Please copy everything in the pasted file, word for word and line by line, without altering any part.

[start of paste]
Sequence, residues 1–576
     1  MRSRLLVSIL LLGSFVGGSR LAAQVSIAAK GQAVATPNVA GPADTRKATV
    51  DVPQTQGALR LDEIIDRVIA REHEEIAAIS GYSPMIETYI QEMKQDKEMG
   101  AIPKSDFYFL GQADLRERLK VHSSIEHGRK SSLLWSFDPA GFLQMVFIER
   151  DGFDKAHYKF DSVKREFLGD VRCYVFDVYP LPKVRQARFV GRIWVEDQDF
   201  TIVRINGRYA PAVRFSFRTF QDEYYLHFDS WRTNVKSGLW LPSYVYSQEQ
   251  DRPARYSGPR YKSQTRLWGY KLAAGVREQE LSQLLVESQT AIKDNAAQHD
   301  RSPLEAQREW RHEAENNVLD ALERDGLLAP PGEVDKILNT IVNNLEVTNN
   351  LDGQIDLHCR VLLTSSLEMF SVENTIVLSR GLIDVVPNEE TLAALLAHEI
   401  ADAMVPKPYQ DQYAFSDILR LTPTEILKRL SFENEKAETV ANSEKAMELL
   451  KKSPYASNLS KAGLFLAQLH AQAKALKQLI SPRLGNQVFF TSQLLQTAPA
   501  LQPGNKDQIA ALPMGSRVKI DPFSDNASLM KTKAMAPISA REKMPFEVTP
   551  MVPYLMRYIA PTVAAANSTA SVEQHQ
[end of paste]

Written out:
Sequence, residues 1–576
     1  MRSRLLVSIL LLGSFVGGSR LAAQVSIAAK GQAVATPNVA GPADTRKATV
    51  DVPQTQGALR LDEIIDRVIA REHEEIAAIS GYSPMIETYI QEMKQDKEMG
   101  AIPKSDFYFL GQADLRERLK VHSSIEHGRK SSLLWSFDPA GFLQMVFIER
   151  DGFDKAHYKF DSVKREFLGD VRCYVFDVYP LPKVRQARFV GRIWVEDQDF
   201  TIVRINGRYA PAVRFSFRTF QDEYYLHFDS WRTNVKSGLW LPSYVYSQEQ
   251  DRPARYSGPR YKSQTRLWGY KLAAGVREQE LSQLLVESQT AIKDNAAQHD
   301  RSPLEAQREW RHEAENNVLD ALERDGLLAP PGEVDKILNT IVNNLEVTNN
   351  LDGQIDLHCR VLLTSSLEMF SVENTIVLSR GLIDVVPNEE TLAALLAHEI
   401  ADAMVPKPYQ DQYAFSDILR LTPTEILKRL SFENEKAETV ANSEKAMELL
   451  KKSPYASNLS KAGLFLAQLH AQAKALKQLI SPRLGNQVFF TSQLLQTAPA
   501  LQPGNKDQIA ALPMGSRVKI DPFSDNASLM KTKAMAPISA REKMPFEVTP
   551  MVPYLMRYIA PTVAAANSTA SVEQHQ